An atherectomy is a procedure that removes plaque from the inside of an artery. It can be used on its own or in combination with angioplasty, a procedure that widens an artery that has been narrowed or blocked due to plaque buildup. Plaque buildup in an artery is a serious condition, as it reduces the amount of blood flow that the arteries can deliver to tissues and organs within the body, which can lead to heart attack, aneurysms and stroke.
Tampa General Hospital’s Heart & Vascular Institute offers a wide variety of treatments for cardiovascular conditions, including atherectomy. Our multidisciplinary team of surgeons, cardiologists, diagnostic radiologists and cardiac care nurses always provides state-of-the-art care for our patients.
Conditions That Atherectomy Treats
The main condition that atherectomy treats is atherosclerosis, which is a hardening or narrowing of the arteries. This condition causes fatty deposits of calcium, cholesterol and other substances to build up in your arteries, effectively reducing blood flow.
Atherosclerosis is caused by:
- High cholesterol
- High blood pressure
- Inflammation due to a condition like arthritis or lupus
What’s more, atherosclerosis can lead to peripheral artery disease (PAD), blood clots, chronic kidney disease, heart attack and stroke.
How Atherectomy Is Performed
An atherectomy is a minimally invasive procedure that is performed under local anesthesia. It involves:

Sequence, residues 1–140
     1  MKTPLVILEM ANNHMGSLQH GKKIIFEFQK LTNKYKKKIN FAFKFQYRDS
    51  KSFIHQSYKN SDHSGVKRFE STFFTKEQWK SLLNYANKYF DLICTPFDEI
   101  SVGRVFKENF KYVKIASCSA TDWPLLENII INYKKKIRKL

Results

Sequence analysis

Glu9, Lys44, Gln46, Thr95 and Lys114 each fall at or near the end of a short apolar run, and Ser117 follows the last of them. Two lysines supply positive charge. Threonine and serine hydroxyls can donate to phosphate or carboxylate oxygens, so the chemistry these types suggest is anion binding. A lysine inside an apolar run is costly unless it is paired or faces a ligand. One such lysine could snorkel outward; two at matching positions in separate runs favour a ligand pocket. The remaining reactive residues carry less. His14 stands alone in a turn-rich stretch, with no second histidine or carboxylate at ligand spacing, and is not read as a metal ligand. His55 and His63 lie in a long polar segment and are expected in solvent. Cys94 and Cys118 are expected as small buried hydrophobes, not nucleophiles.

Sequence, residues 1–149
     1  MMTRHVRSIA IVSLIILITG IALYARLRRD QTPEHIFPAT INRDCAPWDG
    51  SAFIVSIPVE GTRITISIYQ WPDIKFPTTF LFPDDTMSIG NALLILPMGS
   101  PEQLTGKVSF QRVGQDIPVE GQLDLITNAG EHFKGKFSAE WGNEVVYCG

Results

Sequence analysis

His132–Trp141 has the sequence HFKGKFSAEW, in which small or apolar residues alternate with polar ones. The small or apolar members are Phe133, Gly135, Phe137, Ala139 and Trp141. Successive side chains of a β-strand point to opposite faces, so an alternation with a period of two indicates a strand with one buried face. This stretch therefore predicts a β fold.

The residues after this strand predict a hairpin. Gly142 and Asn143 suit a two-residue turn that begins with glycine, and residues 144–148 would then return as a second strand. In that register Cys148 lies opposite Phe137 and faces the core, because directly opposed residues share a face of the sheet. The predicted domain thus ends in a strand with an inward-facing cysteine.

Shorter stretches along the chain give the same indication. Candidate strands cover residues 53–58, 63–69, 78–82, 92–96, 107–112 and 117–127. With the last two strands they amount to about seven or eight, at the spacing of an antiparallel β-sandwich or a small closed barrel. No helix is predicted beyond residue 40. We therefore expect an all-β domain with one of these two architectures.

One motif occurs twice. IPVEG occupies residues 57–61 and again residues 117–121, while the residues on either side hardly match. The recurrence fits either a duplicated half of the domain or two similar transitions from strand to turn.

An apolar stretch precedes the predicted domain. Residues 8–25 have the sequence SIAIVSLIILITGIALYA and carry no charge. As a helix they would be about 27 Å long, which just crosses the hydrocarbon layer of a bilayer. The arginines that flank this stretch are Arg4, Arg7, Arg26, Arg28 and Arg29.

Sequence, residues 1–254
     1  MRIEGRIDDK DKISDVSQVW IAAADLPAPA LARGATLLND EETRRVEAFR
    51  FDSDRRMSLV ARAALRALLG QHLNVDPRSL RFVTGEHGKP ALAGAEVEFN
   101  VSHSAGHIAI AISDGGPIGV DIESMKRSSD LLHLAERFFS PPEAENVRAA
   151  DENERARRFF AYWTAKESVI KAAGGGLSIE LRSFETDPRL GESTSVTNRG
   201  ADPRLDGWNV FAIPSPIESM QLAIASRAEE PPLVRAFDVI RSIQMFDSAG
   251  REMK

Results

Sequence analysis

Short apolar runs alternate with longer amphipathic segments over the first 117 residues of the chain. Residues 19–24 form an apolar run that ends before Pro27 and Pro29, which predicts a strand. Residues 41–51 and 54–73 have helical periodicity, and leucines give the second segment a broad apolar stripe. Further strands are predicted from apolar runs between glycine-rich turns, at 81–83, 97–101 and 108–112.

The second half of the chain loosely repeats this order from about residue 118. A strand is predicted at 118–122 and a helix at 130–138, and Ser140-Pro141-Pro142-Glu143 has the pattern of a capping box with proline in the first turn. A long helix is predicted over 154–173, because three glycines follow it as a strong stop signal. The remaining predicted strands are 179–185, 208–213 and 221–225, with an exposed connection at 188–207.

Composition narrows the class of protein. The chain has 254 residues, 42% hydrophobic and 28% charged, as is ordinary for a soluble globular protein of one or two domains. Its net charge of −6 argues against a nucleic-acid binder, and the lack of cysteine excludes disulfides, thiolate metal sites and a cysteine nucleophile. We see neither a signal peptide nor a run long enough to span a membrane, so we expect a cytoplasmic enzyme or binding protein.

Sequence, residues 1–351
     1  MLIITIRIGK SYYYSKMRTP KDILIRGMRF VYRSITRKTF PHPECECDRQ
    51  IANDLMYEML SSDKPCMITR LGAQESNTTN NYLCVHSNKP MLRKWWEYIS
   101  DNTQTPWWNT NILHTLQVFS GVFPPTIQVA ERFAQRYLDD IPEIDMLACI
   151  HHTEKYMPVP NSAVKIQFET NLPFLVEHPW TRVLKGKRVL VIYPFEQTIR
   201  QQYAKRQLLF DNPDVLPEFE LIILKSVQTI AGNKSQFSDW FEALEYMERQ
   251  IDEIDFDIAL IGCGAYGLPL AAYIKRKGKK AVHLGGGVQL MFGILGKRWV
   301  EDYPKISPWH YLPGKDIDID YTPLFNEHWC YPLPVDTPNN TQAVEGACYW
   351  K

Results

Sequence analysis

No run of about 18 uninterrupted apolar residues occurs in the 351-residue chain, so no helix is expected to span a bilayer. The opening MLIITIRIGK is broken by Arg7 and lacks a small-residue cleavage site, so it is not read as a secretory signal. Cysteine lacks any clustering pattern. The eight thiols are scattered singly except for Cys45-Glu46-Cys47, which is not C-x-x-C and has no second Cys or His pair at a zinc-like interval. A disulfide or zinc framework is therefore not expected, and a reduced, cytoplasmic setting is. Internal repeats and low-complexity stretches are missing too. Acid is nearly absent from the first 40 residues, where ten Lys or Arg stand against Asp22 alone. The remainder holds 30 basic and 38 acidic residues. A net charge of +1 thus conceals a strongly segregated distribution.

- Making a small puncture in an artery to insert a catheter that has a sharp blade on its end
- Guiding the catheter through the artery to reach the blockage
- Scraping away the accumulated plaque using the blade on the end of the catheter (the removed plaque will be collected in a chamber in the catheter)
- Removing the catheter from the artery
This process can be repeated as many times as possible to remove a significant portion of plaque, if necessary.
What to Expect From Atherectomy
Atherosclerosis can cause chest pain, shortness of breath and leg or arm discomfort, so the main benefit of atherectomy is symptom relief. What’s more, as a minimally invasive procedure, recovery is typically easier than many other heart-based procedures with most patients only requiring an overnight stay at the hospital.
As with any medical procedure, however, there are risks, although these are very rare:
- Prolonged bleeding
- Bruising around the incision site
- Damage or tears to the coronary artery
- Embolization (dislodged plaque traveling to other arteries and causing blockages)
Effectiveness of Atherectomy
Patients who come to TGH for an atherectomy procedure benefit from our advanced techniques, individualized care and multispecialty providers. Atherectomy procedures are generally very effective, especially when combined with lifestyle changes like eating healthier and exercising regularly. Even better, by catching plaque buildup in its early stages, patients reduce the need for more intensive heart surgeries in the future.